***/**** Image A+ Sound A+ Extras A
starring Sullivan Stapleton, Eva Green, Lena Headey, Rodrigo Santoro
screenplay by Zack Snyder & Kurt Johnstad
directed by Noam Murro
by Walter Chaw If Kenji Misumi made gladiator movies instead of the legendarily violent, indisputably awesome Lone Wolf and Cub series, they'd probably have played a lot like Noam Murro's ludicrous but committed 300: Rise of an Empire (hereafter 300 II). Pornographically (in the best way) violent and generous with Eva Green's ample, and horrifyingly-intense, charms, it tells a parallel story to Zack Snyder's gay porn-meets-military-recruitment video 300--a naval (and navel--ha!, priceless) intrigue involving Greek general Themistocles (Sullivan Stapleton) fending off Persian commander Artemisia (Green) in a sea of sometimes-literal blood. The film is completely unapologetic in its hard-R excess, counting among its atrocities child-rape and sexual slavery in the baddie's backstory with more squarely-clenched jaws than a Dick Tracy convention. It's a testosterone-sloppy cock-opera, of course, lending its countless skewerings the musky weight of sadomasochistic homoeroticism, but by sprinkling in Green's bonzer performance and, late in the game, Lena Headey's grief-stricken Queen Gorgo, 300 II suddenly becomes this rape-revenge/avenging-angel exploitation slasher. It's good, in other words. In a weak moment, I might admit it's even better than that.
While mostly fancy and conjecture, it's no more so than Caesar's Conquest of Gaul. In fact, 300 II captures exactly that sense of masculine inflation common to histories from this period. It's romantic, and Romanticist: Its men are Men, its women are holy Christ Women. They're dominatrix fantasies in a sense (Artemisia in her metal and leather and Gorgo in her furious widowhood), yet both Green and Headey, veterans of roles like these, subvert easy objectification. Artemisia, in particular, uses her sexuality as a biological weapon of sorts--it would be an interesting exercise to count the euphemisms for castration for which she, alone, is responsible. In the end, the picture reminds a great deal of Luc Besson's The Messenger, another askew history that somehow feels closer to the truth than more sober accounts. Gorgo and Artemisia were, indeed, contemporaries--and in the modern imagination, their relative power in their respective dead civilizations resembles a superhero movie. Well, a grindhouse superhero movie, anyway.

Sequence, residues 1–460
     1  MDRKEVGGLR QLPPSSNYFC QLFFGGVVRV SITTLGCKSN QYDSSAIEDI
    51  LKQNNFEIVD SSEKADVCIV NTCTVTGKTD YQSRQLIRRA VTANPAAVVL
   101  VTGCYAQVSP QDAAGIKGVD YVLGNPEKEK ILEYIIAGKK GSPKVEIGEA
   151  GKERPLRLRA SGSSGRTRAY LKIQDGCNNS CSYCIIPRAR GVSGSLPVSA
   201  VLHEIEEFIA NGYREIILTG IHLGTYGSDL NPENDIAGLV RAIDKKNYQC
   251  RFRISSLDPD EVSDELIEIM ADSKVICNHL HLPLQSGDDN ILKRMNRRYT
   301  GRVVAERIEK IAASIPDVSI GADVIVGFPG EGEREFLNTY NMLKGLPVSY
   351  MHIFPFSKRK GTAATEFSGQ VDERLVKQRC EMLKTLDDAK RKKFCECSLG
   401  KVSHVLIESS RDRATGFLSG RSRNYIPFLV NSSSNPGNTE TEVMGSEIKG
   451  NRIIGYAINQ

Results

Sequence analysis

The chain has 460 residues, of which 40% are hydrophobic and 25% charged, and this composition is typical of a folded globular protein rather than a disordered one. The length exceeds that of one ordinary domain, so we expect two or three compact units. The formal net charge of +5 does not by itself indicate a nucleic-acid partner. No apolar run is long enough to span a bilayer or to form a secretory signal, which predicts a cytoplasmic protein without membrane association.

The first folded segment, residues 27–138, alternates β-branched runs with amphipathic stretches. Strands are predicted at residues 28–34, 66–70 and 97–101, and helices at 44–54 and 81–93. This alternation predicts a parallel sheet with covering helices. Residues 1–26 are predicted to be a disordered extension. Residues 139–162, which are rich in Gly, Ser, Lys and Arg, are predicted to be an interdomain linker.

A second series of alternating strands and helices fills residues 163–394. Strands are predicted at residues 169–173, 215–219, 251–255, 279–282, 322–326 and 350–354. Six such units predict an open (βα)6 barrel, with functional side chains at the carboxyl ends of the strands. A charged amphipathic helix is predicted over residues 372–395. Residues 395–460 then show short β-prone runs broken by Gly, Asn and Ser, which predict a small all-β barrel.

Call it Sergio Corbucci's Thermopylae. 300 II takes place in a predominantly CG environment, stylized to the point of abstraction. It exists in the same world as Robert Rodriguez's Sin City, acting like an adult-themed graphic novel and working very much like a film noir with its dangerous women, crumbling societies, and perverse sexuality. In re-mythologizing the already-mythologized, the picture reminds of O Brother, Where Art Thou?--doing for Herodotus what the Coens did for Homer. The moment I "got" it occurs during a pitched battle (they're all pitched) where the corpses of the recently-vanquished sink into the murky deep to be devoured by sea monsters. Yes. It's the best kind of nonsense: exuberant and breathless. Like Sanjuro's geysers of grue, Murro's vision arrays humans as high-pressure blood-balloons hungry to be pricked. It leans forward--its intentions are either completely noble (the death of a father and the vengeance of his boy) or unambiguously evil (the film's best line is, "You set fire to the only part of Greece worth anything"), and it's curiously freed from Snyder's/Frank Miller's distasteful abhorrence of difference. There are underdogs in 300 II--i.e., the women--and they're ferocious, unfailingly the equal of their male counterparts and tormentors. Just as misogyny-branded slasher films usually end with Final Girls, 300 II works like it does because the people its predominantly-male audience end up rooting for are its wronged women. Who knew the 300 sequel would be a date movie in all its puerile glory?